The film laboriously reworks one of the most well-known origin stories in superhero comics, taking its cues from the Ultimate Marvel line rather than the more familiar story initially set out by Lee in 1961 (that is, the Fantastic Four are unlikable teenagers): in 2007, genius 5th grader Reed Richards (Owen Judge) set himself to the task of building a matter transporter, along the way picking up the support and friendship of classmate Ben Grimm (Evan Hannemann), a tough kid from a love-starved family, whose cruel older brother (Chet Hanks) would gleefully announce "it's clobberin' time!" before beating the 11-year-old into paste. Even if I had no goal but to write the bleakest possible grimdark parody of Silver Age comics, I don't think I could have come up with such a punishing origin for the Thing's corny-ass catchphrase. Anyway, Reed's early experiments are inconclusive, but by the time the two arrive in their senior year of college, with Reed now played by Miles Teller while Bell takes over Ben, he's almost got it down. And that brings him to the attention of Franklin Storm (Reg E. Cathey), the director of the Baxter Institute, a research facility that has been working on very similar technology to open a portal to another dimension. Reed finds himself working alongside Franklin's son Johnny (Michael B. Jordan) and adopted daughter Sue (Kate Mara), as well as the former prodigy and current joyless slacker Victor von Doom (Toby Kebbell), and they succeed in cracking the technology necessary to travel to Planet Zero, a physical space made out of pure energy, or something like that.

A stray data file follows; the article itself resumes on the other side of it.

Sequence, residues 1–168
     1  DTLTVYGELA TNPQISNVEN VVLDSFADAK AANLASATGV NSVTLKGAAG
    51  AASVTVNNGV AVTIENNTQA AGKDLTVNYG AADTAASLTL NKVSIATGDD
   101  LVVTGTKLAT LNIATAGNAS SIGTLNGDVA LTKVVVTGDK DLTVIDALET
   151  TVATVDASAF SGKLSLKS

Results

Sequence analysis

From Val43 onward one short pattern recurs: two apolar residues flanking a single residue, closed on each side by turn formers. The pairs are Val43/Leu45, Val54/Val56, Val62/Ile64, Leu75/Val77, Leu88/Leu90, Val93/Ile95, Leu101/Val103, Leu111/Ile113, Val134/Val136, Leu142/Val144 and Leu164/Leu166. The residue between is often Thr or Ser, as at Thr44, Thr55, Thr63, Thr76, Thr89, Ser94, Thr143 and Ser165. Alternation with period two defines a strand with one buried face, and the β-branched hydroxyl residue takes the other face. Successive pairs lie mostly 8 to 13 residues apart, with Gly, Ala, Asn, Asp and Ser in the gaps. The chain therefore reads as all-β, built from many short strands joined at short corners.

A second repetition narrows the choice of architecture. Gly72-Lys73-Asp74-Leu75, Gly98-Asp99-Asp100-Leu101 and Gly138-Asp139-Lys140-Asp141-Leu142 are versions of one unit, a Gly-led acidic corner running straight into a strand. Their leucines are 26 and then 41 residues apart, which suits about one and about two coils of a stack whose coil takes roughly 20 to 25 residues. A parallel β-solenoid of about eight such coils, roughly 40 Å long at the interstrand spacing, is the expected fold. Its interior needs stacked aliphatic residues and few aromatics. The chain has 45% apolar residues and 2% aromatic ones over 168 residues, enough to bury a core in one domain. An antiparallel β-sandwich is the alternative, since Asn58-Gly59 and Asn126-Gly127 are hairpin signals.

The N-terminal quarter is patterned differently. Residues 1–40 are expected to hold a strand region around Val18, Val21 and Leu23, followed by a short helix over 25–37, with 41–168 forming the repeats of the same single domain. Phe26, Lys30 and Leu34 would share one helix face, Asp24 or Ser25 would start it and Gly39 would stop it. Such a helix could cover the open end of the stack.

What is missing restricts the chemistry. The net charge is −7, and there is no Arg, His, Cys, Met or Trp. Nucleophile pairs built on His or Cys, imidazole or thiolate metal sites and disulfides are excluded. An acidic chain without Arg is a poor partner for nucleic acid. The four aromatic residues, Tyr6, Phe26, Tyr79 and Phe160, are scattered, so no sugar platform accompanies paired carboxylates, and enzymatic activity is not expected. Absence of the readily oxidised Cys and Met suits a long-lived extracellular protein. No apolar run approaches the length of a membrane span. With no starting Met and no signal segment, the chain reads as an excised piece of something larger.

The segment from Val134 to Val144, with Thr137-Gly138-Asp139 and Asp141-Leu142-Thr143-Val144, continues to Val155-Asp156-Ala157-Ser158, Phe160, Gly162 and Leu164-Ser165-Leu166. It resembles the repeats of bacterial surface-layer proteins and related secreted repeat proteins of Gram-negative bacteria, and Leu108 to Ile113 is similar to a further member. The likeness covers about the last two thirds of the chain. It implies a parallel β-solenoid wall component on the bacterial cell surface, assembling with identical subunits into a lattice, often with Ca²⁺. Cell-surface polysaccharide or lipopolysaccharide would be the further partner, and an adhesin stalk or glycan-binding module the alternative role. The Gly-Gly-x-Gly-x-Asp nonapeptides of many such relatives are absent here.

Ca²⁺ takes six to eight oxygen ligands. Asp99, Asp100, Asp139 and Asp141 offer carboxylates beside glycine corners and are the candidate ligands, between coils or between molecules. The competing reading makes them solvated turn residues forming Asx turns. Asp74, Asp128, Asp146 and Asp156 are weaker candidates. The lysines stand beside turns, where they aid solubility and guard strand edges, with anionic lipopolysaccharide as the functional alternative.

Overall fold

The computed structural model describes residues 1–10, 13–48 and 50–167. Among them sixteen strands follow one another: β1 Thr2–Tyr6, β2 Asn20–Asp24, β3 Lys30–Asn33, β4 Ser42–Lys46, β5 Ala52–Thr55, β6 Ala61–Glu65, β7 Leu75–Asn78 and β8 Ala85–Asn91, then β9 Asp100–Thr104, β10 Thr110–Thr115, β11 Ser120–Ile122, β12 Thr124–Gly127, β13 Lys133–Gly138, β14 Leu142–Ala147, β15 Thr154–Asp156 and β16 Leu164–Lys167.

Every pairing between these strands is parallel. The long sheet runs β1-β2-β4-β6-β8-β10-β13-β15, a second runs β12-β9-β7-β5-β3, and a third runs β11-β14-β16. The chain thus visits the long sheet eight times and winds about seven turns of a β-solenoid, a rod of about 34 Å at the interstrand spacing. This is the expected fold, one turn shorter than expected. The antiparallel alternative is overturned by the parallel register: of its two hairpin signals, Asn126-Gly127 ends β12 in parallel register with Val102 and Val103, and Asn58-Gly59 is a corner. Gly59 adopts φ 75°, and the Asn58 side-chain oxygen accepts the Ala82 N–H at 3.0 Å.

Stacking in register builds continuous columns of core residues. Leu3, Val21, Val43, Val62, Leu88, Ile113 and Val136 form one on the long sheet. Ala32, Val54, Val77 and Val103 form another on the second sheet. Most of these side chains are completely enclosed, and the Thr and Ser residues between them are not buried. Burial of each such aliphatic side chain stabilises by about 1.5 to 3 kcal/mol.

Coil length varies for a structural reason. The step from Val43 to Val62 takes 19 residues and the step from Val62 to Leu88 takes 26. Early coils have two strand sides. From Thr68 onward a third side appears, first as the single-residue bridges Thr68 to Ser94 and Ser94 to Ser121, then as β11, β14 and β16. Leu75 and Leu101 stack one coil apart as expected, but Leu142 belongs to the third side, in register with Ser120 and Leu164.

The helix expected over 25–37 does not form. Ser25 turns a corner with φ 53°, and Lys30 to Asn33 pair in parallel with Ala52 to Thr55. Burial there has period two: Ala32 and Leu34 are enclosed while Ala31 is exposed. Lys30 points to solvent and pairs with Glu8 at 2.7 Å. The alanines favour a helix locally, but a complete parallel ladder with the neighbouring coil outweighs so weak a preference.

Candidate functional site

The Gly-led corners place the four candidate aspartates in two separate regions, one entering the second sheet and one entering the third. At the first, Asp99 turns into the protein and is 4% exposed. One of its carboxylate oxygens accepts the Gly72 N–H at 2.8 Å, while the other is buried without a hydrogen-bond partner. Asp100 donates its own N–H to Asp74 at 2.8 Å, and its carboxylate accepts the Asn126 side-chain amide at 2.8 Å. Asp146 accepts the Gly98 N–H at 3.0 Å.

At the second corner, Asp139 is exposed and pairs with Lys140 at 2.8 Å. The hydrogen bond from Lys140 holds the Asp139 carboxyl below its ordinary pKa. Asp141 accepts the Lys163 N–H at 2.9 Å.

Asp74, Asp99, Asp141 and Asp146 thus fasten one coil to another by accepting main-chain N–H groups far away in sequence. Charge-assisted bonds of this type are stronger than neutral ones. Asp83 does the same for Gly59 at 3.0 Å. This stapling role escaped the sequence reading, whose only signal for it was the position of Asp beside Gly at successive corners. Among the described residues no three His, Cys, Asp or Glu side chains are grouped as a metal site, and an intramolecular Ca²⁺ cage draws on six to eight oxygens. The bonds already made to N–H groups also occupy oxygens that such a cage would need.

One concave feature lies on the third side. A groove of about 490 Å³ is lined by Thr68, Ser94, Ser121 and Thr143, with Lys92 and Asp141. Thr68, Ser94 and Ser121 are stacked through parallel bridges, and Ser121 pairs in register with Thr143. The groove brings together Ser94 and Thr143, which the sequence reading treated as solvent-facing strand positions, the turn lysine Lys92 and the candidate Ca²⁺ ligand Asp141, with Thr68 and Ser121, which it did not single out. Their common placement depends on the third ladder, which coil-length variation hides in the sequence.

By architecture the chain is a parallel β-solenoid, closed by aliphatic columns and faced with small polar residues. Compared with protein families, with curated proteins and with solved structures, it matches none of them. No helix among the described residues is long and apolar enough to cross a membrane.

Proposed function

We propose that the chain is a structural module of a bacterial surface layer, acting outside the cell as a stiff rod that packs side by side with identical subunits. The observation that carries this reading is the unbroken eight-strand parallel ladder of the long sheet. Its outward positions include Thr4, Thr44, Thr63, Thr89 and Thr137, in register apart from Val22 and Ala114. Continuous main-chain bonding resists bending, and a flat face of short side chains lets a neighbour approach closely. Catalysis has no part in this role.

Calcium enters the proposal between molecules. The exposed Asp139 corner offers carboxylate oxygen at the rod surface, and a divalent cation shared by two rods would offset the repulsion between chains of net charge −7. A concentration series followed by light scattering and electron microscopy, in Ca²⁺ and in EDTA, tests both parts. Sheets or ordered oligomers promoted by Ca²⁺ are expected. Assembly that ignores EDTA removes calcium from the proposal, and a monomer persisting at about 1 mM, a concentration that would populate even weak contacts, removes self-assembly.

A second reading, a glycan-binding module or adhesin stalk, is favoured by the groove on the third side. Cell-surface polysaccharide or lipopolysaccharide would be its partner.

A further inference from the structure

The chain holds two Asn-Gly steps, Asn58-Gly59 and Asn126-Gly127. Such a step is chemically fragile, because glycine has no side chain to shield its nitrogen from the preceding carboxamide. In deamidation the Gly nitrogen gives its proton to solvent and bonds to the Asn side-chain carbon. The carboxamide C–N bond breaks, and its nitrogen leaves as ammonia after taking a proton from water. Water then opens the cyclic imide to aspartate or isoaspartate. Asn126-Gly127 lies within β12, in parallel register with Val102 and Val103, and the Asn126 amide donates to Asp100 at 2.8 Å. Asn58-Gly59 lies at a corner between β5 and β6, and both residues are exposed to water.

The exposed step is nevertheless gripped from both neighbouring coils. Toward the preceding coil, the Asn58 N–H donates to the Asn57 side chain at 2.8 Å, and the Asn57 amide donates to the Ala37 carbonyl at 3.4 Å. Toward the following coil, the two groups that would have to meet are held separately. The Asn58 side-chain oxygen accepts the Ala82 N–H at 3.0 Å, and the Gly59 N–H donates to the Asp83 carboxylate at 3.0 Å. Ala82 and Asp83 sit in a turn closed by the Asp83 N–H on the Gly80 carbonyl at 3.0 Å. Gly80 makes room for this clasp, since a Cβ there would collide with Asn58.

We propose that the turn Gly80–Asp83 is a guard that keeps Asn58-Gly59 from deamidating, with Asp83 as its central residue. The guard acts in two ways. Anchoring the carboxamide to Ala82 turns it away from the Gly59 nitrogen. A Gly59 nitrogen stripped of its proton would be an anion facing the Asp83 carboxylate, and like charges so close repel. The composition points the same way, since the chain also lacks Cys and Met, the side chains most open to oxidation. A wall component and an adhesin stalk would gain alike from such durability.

Sadly, an unauthorised drunken trip to that dimension goes wildly wrong, leaving Victor stranded on Planet Zero and the other three boys warped by the transportation back, while Sue also gets fucked up even though she wasn't part of the trip for some reason. This leaves them with the usual suite of powers: Reed can extend his limbs far beyond their normal range, Sue can phase out of the visible spectrum and create force fields, Johnny can set his entire body on fire, and Ben is an invulnerable rock monster. They are immediately taken by the U.S. government in the form of Dr. Allen (Tim Blake Nelson), who hopes to weaponise them; Reed escapes and tries to hunt for a cure while the other three sullenly learn to harness their new powers. A year later, the dimensional gate has been rebuilt, and a path re-opened to Planet Zero, which has now become Doom's hellish personal playground, from which he plans destroy all life on Earth.